Today I continue the series of Crime Writer Halloween Guest Blogs. Scroll back to check them all out and the list of Halloween Mysteries. Today I welcome mystery author Sharon Fiffer.
Sharon Fiffer is the author of the Jane Wheel mysteries published by St. Martin's Minotaur. Jane Wheel is a PPI--picker, private investigator, whose talent for spotting treasures among the trash is essential to the crime-solving half of her business. Although she's a city girl now, Sharon grew up in Kankakee, Illinois where her parents ran a lively local tavern. She mines her own memories of growing up for Scary Stuff, number six in the series. Number seven, Backstage Stuff, will be published by St. Martins, January 2011. Here, Sharon shares a childhood Halloween memory that did not make it into Scary Stuff.
Tricky or Treated by Sharon Fiffer
Halloween was always my favorite holiday. No pressure to make or buy just-right gifts for parents or brother. No obligatory visits to grandma wearing a stiff scratchy dress with pinchy shoes. No unrealistic expectations of ponies grazing under a decorated tree. Just comfortable wacky clothes, an empty pillowcase, a walk through crunchy leaves after dark--and candy, candy, candy all for me, me, me. Half magic, half greed--isn't that what childhood should be?
I must have been six years old when I heard the whispering campaign at St. Pat’s. "Did you hear? Sanborns are going back to making taffy apples this year!" Taffy Apples? Crunchy, sticky, juicy and sweet--my four favorite food groups all rolled into one treat--so exotic, yet so homely! The humble apple dressed for company! My mouth watered when I heard the news. The best part? The Sanborns--an ancient couple whose children were grown and gone-lived on my corner! Right at the end of my block of Cobb Boulevard. I didn't even have to cross a street or risk cutting through the park where Kankakee Junior High eighth graders lay in wait with cartons of eggs.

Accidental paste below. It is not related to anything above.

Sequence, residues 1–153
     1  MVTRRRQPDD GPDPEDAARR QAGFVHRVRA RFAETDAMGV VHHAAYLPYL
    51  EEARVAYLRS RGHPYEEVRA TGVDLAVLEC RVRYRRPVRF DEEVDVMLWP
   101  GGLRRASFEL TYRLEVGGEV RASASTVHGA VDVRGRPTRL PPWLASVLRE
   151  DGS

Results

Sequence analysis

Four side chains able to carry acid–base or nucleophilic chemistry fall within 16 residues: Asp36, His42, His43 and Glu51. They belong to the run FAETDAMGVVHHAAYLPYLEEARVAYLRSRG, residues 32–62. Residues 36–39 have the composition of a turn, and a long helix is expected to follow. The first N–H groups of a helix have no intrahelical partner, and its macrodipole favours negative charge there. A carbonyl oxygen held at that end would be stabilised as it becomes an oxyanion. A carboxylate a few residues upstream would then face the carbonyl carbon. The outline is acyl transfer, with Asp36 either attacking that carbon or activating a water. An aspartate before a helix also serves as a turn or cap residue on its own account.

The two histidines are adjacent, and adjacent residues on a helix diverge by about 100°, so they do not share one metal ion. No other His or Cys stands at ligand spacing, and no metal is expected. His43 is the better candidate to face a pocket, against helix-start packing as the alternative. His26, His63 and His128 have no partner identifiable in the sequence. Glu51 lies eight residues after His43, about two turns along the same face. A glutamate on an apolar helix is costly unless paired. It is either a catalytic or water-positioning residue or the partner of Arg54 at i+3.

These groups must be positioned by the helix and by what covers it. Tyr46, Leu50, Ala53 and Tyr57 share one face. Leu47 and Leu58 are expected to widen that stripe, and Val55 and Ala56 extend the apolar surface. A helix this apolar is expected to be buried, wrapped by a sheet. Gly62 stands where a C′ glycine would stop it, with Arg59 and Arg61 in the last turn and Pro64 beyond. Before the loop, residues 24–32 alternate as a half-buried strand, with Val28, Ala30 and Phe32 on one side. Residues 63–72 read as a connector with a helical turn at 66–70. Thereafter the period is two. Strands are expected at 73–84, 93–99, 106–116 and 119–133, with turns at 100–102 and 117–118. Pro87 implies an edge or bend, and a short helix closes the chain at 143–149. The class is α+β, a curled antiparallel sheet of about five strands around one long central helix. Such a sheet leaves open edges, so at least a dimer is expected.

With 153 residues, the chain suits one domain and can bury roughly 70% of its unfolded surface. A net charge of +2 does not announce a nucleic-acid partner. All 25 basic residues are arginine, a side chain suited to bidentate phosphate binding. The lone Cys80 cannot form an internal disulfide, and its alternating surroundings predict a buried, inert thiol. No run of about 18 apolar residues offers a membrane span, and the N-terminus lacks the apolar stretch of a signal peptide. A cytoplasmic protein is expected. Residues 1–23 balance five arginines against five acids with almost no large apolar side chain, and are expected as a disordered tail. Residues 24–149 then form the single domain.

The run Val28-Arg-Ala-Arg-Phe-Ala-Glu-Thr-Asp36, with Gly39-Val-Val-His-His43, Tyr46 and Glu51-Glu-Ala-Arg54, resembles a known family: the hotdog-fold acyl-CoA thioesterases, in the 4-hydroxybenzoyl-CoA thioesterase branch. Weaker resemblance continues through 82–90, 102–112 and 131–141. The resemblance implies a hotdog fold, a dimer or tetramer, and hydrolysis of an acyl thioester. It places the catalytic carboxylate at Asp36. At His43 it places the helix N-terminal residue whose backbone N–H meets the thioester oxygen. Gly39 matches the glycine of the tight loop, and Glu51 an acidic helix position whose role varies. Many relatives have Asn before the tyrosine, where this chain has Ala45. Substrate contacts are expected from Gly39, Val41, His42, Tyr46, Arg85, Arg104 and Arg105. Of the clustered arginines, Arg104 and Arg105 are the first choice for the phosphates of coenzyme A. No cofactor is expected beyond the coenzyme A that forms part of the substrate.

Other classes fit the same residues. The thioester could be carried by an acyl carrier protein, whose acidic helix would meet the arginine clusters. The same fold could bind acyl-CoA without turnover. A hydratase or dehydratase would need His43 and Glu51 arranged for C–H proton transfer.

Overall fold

What's better than one taffy apple? Two taffy apples! My friend and I decided we would go to the Sanborns first and get one apple, round two blocks of speed trick-or treating (sort of like speed dating, but better--you got chocolate!) then return for another apple. We would then follow our planned route, the map of which we had worked on for weeks. We had drawn in the houses where we expected giant chocolate bars and starred homes where we remembered the homemade popcorn balls of yesteryear. Proust and his little cookies had nothing on us and our memories of Chunkys and Bit-O-Honeys.
On the day of Halloween—when St. Pat’s school was all word puzzles in the shape of pumpkins and coloring pages of witches on broomsticks silhouetted against full moons-we heard the taffy apple rumor, part two. "The Sanborns make you come in their house and look you over. That's so they can remember your costume in case you try to come back for seconds." If the high five had been known to us, my pal and I would have been up high and down low, since we had already thought of this. We planned costume adjustments between our first and second visit. First round—boy hobos with hair bunched up under our brothers caps. Second trip? Girl hobos, hair down and burnt cork applied on the fly as we deposited our first apple at home and flew back down the block for seconds.
It was a good plan and a smart one for a first grader. But a six year old is no match for a couple of sixty-somethings who had spent the day over a steaming vat of caramel trying to do something nice for the neighborhood. We were greedy and we were tricky and we were deceitful but we weren’t liars. Lying, after all, was a sin. When presented with the “sign-in book” by Mr. Sanborn where we had to write our names, first and last, and our addresses, we dutifully did as asked. Not one kid I knew—and I knew some pretty rotten kids—had the guts to out and out lie or make up a name and address so they could later return—or had the foresight to be Jane Doe on the first round and reclaim true identity for taffy apple #2.
So we made do with one taffy apple…and 4 popcorn balls, 8 Chunkys, 3 Mounds bars, 12 tootsie roll pops, dozens of caramels, snickers, bags of candy corn and more…all for us, all kept in our rooms, unchecked for foreign objects by our benignly neglectful parents whom I’m sure knew that evil existed, but just didn’t believe that it had come to our neighborhood…and who were blissfully ignorant of the dangers of sugar, red dye #2 or high fructose corn syrup. Half greed, half magic—just what childhood should be!